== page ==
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April 17, 2015

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Paul Krugman: That Old-Time Economics

Posted: 17 Apr 2015 04:50 AM PDT

Not all macroeconomic models failed during the Great Recession. "Old-time macroeconomics" ... "provided excellent guidance":

That Old-Time Economics, by Paul Krugman, Commentary, NY Times: America has yet to achieve a full recovery from the ... financial crisis. Still, it seems fair to say that we've made up much, though by no means all, of the lost ground.
But you can't say the same about the eurozone... Why has Europe done so badly? In the past few weeks, I've seen a number of speeches and articles suggesting that the problem lies in the inadequacy of our economic models — that ... macroeconomic theory ... failed to offer useful policy guidance... But is this really the story?
No, it isn't..., basic textbook models ... have performed very well. The trouble is that policy makers in Europe decided to reject those basic models in favor of alternative approaches that were innovative, exciting and completely wrong. ...
In America, the White House and the Federal Reserve mainly stayed faithful to standard Keynesian economics. ... Meanwhile, the Fed ignored ominous warnings that it was "debasing the dollar"...
In Europe, by contrast, policy makers were ready and eager to throw textbook economics out the window in favor of new approaches. The European Commission ... eagerly seized upon supposed evidence for "expansionary austerity... Meanwhile, the European Central Bank took inflation warnings to heart and raised interest rates in 2011 even though unemployment was still very high. ...
European policy makers ... sought justifications for the harsh policies they were determined, for political and ideological reasons, to impose on debtor nations; they lionized economists, like Harvard's Alberto Alesina, Carmen Reinhart, and Kenneth Rogoff, who seemed to offer that justification. As it turned out, however, all that exciting new research was deeply flawed, one way or another.
And while new ideas were crashing and burning, that old-time economics was going from strength to strength. ...
The point is that it's wrong to claim ... that policy failed because economic theory didn't provide the guidance policy makers needed. In reality, theory provided excellent guidance, if only policy makers had been willing to listen. Unfortunately, they weren't. And they still aren't. ...
But back to the question of new ideas and their role in policy. It's hard to argue against new ideas in general. In recent years, however, innovative economic ideas, far from helping to provide a solution, have been part of the problem. We would have been far better off if we had stuck to that old-time macroeconomics, which is looking better than ever.

Have Blog, Will Travel

Posted: 17 Apr 2015 04:13 AM PDT

I am here today (as is Tyler Cowen, he explains the rules we have to follow):

NATIONAL BUREAU OF ECONOMIC RESEARCH, INC.
30th Annual Conference on Macroeconomics
Martin Eichenbaum and Jonathan Parker, Organizers
April 17 and 18, 2015
The Royal Sonesta Hotel
Cambridge, MA

PROGRAM

Friday, April 17:

8:30 am - Continental Breakfast

9:00 am - Nicola Gennaioli, Università Bocconi, Yueran Ma, Harvard University, Andrei Shleifer, Harvard University and NBER, Expectations and Investment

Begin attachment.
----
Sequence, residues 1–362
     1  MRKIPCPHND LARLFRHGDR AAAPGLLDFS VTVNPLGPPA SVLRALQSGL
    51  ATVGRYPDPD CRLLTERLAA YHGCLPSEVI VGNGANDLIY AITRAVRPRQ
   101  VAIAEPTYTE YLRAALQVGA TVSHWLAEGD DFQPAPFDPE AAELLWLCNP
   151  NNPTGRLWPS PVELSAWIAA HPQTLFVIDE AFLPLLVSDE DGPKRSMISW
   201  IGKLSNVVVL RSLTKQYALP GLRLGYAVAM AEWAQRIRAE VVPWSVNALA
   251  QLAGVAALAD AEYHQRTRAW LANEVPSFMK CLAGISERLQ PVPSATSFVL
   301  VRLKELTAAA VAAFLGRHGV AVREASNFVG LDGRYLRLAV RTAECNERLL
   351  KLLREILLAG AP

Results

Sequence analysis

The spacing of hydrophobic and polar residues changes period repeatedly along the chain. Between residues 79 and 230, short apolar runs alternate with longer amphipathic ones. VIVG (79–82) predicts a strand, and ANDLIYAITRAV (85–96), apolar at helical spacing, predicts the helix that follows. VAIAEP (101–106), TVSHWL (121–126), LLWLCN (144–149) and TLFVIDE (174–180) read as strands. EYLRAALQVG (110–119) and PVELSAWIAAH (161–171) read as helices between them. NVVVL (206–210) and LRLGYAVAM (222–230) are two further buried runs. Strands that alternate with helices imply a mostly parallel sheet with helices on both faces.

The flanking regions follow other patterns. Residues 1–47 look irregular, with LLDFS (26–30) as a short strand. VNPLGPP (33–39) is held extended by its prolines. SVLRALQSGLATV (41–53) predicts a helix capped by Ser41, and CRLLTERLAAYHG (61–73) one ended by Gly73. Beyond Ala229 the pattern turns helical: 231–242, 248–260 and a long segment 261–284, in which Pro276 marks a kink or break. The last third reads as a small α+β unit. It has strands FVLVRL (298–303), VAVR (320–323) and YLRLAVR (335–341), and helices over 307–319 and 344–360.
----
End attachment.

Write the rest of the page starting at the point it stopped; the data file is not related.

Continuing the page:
Discussants:  Chris Sims, Princeton University and NBER, Monika Piazzesi, Stanford University and NBER

10:30 am - Break

11:00 am - Tao Zha, Emory University and NBER, Chun Chang, SAIF Shanghai Jiao, Tong University, Kaiji Chen, Emory University, Daniel F. Waggoner, Federal Reserve Bank of Atlanta, Trends and Cycles in China's Macroeconomy

Discussants:  Mark Watson, Princeton University and NBER, John Fernald, Federal Reserve Bank of San Francisco

12:30 pm Lunch – Skyline Rooms

2:00 pm - Hanming Fang, University of Pennsylvania and NBER, Quanlin Gu, Peking University, Wei Xiong, Princeton University and NBER, Li-An Zhou, Peking University, Demystifying the Chinese Housing Boom

Discussants: -  Martin Schneider, Stanford University and NBER, Erik Hurst, University of Chicago and NBER

3:30 pm  Break

4:00 pm - Daron Acemoglu, Massachusetts Institute of Technology and NBER, Ufuk Akcigit, University of Pennsylvania and NBER, William Kerr, Harvard University and NBER, Network and the Macroeconomy:  An Empirical Exploration

Discussants: - Xavier Gabaix New York University and NBER, Lawrence Christiano, Northwestern University and NBER

5:30 pm - Adjourn and Group Dinner - Skyline Rooms, Dinner speaker:  Ben Bernanke, Brookings Institution

Saturday, April 18:

8:30 am - Continental Breakfast

9:00 am - Regis Barnichon, CREI, Andrew Figura, Federal Reserve Board, Declining Desire to Work and Downward Trends in Unemployment and Participation

Discussants:  Richard Rogerson, Princeton University and NBER, Robert Hall, Stanford University and NBER

10:30 am - Break

11:00 am - Cristina Arellano, Federal Reserve Bank of Minneapolis and NBER, Andrew Atkeson, University of California at Los Angeles and NBER, Mark L. J. Wright, Federal Reserve Bank of Chicago and NBER, External and Public Debt Crises

Discussants - Ricardio Reis, Columbia University and NBER, Harald Uhlig, University of Chicago and NBER

12:30 pm - Adjourn

Links for 04-17-15

Posted: 17 Apr 2015 12:06 AM PDT

Video: Rethinking Macro Policy

Posted: 16 Apr 2015 09:11 AM PDT

Rethinking Macro Policy III: Session 3. Monetary Policy in the Future
Chair: José Viñals, Ben Bernanke, Gill Marcus, John Taylor


Rethinking Macro Policy: Session 4. Fiscal Policy in the Future
Chair: Vitor Gaspar, Marco Buti, Martin Feldstein, Brad DeLong,

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